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Freshwater

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Last month I got the opportunity to spend a few days working near Breaux Bridge.  In my down time I explored Lake Martin, though not by kayak on the water, but on foot at the Cypress Island Preserve, which is property around the lake owned by the Nature Conservancy.

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In two mornings I covered the entire trail system and can say with certainty that there is no better place in south Louisiana to take someone to see an alligator than Lake Martin.  The clear waters of the lake hold an abundant population of the big lizards.  The fishing for bass, bream, and sacalait can be pretty good too, from what I hear, I haven’t put in the time there to tell you from experience.  It is a beautiful lake, full of Spanish moss covered cypress and tupelo trees.  It’s a place, I imagine, that is exactly what tourists picture in their minds when they think of our part of the country.  The levee trail at Cypress Island makes for a great place to take a walk.

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This video is a bit older, but it’s appropriate right now as I’m currently working on a presentation for the Red Stick Fly Fishers for their upcoming Red Stick Day Fly Fishing Festival that is taking place Saturday March 3rd at Perkins Road Park.  I’m going to be talking about bluelining North Georgia and shed a little light on what is probably the closest wild and native freestone trout water to Louisiana.  The event is free so if you’re in the Baton Rouge area and you’ve got any interest at all in fly fishing come check it out.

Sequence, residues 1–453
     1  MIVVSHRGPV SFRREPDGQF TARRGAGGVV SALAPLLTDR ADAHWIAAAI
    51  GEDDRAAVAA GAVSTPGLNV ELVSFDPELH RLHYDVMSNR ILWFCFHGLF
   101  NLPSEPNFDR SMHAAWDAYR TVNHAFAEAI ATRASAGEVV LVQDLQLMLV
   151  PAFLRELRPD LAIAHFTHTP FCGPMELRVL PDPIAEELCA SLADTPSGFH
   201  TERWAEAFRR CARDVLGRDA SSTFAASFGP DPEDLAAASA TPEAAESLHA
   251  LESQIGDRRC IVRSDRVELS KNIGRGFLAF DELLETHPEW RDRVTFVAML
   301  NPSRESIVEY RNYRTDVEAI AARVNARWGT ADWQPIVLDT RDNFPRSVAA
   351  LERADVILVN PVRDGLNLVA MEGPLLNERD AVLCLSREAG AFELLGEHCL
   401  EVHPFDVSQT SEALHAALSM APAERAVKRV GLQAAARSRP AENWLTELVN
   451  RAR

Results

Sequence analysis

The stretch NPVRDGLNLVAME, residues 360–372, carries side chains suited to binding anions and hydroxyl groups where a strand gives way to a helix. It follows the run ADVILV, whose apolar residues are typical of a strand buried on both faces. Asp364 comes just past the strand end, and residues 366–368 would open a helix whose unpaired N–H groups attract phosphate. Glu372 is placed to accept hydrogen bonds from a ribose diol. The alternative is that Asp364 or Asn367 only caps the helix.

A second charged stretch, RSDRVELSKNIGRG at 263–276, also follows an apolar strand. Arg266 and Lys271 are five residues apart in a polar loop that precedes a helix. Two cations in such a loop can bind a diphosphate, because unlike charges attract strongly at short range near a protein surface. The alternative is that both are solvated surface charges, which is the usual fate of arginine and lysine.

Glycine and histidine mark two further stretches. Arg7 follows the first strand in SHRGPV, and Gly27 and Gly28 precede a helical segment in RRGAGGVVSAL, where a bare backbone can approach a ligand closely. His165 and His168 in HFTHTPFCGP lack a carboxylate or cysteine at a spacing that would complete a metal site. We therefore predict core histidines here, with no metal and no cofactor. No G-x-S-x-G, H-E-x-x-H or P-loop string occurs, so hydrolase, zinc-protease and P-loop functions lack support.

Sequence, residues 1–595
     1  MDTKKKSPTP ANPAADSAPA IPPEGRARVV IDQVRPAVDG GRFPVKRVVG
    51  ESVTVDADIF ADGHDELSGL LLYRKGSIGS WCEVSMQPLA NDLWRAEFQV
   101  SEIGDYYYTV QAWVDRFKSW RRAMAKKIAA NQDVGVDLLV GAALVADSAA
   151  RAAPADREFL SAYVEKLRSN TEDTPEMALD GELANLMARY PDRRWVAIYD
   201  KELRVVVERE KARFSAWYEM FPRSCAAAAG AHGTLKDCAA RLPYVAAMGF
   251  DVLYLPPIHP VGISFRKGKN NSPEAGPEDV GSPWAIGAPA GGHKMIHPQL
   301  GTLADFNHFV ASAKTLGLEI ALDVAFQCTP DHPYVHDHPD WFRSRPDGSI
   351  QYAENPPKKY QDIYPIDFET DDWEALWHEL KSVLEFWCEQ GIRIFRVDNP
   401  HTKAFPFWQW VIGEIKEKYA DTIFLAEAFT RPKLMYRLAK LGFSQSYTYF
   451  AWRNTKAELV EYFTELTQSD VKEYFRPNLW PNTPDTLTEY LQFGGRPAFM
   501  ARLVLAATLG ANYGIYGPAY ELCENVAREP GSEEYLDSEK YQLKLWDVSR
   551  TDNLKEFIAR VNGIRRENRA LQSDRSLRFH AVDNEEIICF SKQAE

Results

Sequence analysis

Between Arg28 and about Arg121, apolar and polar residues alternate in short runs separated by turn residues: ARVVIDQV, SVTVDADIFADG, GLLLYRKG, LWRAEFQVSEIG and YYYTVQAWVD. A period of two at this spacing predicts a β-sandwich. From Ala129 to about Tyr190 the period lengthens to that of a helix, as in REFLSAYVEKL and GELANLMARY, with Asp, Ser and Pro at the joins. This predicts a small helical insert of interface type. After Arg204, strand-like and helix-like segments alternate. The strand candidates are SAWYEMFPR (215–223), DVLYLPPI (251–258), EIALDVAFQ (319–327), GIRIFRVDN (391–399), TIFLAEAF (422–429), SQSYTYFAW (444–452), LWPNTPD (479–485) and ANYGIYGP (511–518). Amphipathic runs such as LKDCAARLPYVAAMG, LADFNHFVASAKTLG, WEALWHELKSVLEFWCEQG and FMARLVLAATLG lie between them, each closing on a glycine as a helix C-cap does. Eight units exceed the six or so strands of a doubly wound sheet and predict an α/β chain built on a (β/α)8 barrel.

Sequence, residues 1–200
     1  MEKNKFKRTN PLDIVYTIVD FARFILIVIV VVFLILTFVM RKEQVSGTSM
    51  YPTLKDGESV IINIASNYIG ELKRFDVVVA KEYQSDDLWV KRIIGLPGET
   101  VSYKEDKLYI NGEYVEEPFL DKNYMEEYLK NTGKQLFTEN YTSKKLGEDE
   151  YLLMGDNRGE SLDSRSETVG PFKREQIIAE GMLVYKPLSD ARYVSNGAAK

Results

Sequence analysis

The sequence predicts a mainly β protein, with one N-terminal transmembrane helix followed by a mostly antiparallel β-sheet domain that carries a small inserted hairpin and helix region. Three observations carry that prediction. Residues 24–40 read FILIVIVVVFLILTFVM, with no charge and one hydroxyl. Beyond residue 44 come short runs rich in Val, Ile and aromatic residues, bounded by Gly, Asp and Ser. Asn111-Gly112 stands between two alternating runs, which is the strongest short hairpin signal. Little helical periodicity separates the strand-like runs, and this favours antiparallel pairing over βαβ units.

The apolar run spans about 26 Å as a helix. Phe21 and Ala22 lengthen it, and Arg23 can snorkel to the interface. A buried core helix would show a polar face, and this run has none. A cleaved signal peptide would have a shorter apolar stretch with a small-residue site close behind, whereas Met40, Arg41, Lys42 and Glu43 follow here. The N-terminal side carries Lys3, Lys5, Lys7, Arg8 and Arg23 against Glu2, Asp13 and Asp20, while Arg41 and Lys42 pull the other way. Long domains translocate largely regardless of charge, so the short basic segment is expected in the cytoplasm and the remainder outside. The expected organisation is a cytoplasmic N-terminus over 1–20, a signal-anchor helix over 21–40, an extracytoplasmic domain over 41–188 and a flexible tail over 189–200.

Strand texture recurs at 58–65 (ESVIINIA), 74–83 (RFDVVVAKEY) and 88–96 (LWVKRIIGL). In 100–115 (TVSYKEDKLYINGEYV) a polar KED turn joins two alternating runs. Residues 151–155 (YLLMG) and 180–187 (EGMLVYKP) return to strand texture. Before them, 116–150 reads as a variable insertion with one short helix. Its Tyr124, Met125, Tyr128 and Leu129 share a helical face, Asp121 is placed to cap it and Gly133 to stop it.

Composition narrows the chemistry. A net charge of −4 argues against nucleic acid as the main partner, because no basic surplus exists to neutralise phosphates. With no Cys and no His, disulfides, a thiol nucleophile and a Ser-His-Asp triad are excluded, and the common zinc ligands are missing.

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A friend of mine has written a book on the subject of redeye bass.  Here is the teaser on Amazon:

“Do you like fishing secluded, flowing streams that involve hiking and climbing waterfalls to catch native fish? Fly fishing for redeye bass is similar to fly fishing mountain streams for native brook trout. They are actually referred to as “The Brook Trout of Alabama.” Fly Fishing for Redeye Bass is a complete book on redeye bass and how to catch these beautiful fish throughout the picturesque of the southeastern United States. Learn about the rivers they call home, the dangers that threaten those waters, and why some species of redeye bass need our immediate help. Understand how to read water and locate optimum redeye bass habitat, what food they eat, and how to best imitate that food with flies. After reading, you will have a firm understanding of why they are the perfect fish for the adventurous fly fisherman.”

I haven’t had the chance to read it yet, but knowing his passion for the species I know it will be a must-have for any Southern fly fisherman.  It’s currently available on Amazon, but be on the lookout for it in fly shops across the South.

We spent Labor Day weekend up at Lake Rosemound where I had a couple opportunities to get back out on the water in the Kilroy DT and chase some bass.

Saturday I got out just after sunrise, armed with my favorite buzzbait, I headed toward a big flat where I saw some fish holding the last time I was out here paddling Marin around.

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It didn’t take long to connect with a little male, who despite being blind in one eye, knew exactly how to slam a buzzbait.

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The dink bass topwater action continued all over this flat and another and around the grass edges of the lake.